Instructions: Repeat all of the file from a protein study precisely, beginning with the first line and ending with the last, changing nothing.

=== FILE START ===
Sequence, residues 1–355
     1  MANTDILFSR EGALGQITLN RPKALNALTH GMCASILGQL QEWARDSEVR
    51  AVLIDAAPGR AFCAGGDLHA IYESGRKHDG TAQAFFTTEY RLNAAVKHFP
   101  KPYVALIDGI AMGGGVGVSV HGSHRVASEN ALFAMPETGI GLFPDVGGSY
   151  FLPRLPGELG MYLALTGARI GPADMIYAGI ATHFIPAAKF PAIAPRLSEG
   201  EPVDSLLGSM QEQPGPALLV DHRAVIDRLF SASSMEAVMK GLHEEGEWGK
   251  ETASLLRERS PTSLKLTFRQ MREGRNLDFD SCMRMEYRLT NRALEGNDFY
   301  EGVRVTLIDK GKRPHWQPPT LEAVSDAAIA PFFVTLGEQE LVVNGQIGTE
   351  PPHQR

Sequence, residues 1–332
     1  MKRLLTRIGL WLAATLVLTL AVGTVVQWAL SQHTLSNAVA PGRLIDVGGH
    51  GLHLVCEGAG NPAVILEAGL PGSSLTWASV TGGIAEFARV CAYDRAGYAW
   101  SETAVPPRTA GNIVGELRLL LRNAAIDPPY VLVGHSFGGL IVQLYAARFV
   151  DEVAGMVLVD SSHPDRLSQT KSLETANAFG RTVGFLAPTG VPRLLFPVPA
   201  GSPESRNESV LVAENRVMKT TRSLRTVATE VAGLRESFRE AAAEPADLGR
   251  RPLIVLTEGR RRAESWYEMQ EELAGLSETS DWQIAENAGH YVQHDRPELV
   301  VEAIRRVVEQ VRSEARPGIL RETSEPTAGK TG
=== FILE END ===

Sequence, residues 1–355
     1  MANTDILFSR EGALGQITLN RPKALNALTH GMCASILGQL QEWARDSEVR
    51  AVLIDAAPGR AFCAGGDLHA IYESGRKHDG TAQAFFTTEY RLNAAVKHFP
   101  KPYVALIDGI AMGGGVGVSV HGSHRVASEN ALFAMPETGI GLFPDVGGSY
   151  FLPRLPGELG MYLALTGARI GPADMIYAGI ATHFIPAAKF PAIAPRLSEG
   201  EPVDSLLGSM QEQPGPALLV DHRAVIDRLF SASSMEAVMK GLHEEGEWGK
   251  ETASLLRERS PTSLKLTFRQ MREGRNLDFD SCMRMEYRLT NRALEGNDFY
   301  EGVRVTLIDK GKRPHWQPPT LEAVSDAAIA PFFVTLGEQE LVVNGQIGTE
   351  PPHQR

Sequence, residues 1–332
     1  MKRLLTRIGL WLAATLVLTL AVGTVVQWAL SQHTLSNAVA PGRLIDVGGH
    51  GLHLVCEGAG NPAVILEAGL PGSSLTWASV TGGIAEFARV CAYDRAGYAW
   101  SETAVPPRTA GNIVGELRLL LRNAAIDPPY VLVGHSFGGL IVQLYAARFV
   151  DEVAGMVLVD SSHPDRLSQT KSLETANAFG RTVGFLAPTG VPRLLFPVPA
   201  GSPESRNESV LVAENRVMKT TRSLRTVATE VAGLRESFRE AAAEPADLGR
   251  RPLIVLTEGR RRAESWYEMQ EELAGLSETS DWQIAENAGH YVQHDRPELV
   301  VEAIRRVVEQ VRSEARPGIL RETSEPTAGK TG